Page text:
- Why it matters: The sobering report shows that people crave facts more than ever. But most have bad habits and a growing distrust of everything from journalists to vaccines and contact tracing. Across every type of institution — media, government, business and NGOs — trust has fallen to historic lows.
Business is the only institution that is now perceived as being both ethical and competent enough to solve the world's problems, Edelman found in the survey, which covers 27 countries, with more than 1,000 respondents per country.
- CEOs are the only societal leaders trusted to tell the truth and fix problems.
The trust deficit has gotten so bad that people don't know who or what to believe anymore, and they don't even trust themselves to get facts right.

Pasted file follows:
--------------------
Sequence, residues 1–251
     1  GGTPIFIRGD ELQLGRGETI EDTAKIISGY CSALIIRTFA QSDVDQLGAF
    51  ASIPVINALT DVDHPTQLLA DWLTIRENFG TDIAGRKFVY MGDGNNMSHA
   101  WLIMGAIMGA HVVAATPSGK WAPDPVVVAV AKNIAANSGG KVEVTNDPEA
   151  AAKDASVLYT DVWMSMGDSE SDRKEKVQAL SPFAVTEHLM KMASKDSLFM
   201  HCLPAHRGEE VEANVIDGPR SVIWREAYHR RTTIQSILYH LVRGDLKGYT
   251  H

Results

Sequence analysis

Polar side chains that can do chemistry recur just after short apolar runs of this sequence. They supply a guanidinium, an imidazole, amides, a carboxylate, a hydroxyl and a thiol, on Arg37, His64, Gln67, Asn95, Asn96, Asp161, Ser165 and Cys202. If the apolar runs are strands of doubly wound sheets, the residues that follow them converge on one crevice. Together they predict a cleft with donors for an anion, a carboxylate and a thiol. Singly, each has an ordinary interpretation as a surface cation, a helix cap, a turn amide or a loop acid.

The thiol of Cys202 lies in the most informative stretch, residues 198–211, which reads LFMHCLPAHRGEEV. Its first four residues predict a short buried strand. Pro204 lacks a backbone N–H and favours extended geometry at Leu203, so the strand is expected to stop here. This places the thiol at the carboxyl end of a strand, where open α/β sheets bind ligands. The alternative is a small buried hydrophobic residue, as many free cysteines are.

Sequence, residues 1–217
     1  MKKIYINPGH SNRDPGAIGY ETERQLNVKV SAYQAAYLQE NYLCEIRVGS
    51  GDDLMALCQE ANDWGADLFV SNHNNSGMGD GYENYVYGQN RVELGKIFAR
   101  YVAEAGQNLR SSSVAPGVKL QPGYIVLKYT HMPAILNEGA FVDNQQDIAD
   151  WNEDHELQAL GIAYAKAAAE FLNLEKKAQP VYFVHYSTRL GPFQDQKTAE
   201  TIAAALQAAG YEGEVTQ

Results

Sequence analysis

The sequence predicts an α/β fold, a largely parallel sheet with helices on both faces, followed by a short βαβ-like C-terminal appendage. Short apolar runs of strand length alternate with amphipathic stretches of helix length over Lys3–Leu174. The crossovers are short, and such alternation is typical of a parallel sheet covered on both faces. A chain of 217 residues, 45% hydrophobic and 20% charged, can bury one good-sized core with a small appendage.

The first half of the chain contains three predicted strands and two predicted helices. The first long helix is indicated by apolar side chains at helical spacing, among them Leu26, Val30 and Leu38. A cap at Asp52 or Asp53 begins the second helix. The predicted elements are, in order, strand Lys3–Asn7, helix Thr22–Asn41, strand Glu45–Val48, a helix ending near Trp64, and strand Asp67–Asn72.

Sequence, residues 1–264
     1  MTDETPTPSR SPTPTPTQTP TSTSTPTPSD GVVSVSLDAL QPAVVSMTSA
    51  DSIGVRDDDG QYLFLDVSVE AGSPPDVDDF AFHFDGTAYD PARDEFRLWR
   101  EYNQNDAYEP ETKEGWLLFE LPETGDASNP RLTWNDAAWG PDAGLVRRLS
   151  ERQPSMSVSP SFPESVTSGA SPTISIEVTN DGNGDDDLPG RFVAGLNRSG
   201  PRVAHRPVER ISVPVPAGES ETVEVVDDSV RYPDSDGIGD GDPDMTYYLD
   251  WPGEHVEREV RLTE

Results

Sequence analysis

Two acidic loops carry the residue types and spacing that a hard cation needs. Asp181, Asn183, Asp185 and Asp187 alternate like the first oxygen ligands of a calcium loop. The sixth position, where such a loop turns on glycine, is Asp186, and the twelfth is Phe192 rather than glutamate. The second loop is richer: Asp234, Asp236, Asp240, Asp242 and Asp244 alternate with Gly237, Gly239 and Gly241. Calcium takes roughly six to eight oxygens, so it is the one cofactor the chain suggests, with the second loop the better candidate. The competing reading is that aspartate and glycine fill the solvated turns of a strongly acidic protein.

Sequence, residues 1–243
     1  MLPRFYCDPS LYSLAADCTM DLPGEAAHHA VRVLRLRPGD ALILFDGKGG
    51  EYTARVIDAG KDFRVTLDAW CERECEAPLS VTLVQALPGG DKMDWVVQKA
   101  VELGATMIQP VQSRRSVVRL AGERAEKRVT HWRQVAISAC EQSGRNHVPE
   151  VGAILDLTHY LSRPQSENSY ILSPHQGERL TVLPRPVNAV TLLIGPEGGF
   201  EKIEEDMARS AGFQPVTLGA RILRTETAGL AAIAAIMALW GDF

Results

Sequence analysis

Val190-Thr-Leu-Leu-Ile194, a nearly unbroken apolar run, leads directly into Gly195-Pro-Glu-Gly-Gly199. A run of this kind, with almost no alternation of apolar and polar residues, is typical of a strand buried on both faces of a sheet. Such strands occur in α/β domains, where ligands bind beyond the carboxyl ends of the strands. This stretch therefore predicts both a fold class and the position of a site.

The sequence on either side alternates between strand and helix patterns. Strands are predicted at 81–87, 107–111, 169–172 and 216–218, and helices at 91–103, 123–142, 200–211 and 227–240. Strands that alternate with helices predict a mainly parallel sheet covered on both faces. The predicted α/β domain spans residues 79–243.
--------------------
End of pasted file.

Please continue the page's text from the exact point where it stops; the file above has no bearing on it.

- A majority of people around the world believe that journalists, government leaders and business leaders are all purposely trying to mislead people by spreading misinformation.
- Most people have terrible information hygiene, and admit that they don't actively verify information, avoid echo chambers or share things without first vetting information.
3. Leading in crisis
1. The most important move for CEOs and other leaders is to acknowledge chaos — such as the events in D.C. — instead of ignoring it.
- "Being silent is the biggest mistake," says Lars Schmidt, founder of Amplify, an HR consulting firm. "All your employees are thinking about it. And the idea of continuing to have meetings and expecting employees to be productive while this profound moment is taking place is shortsighted."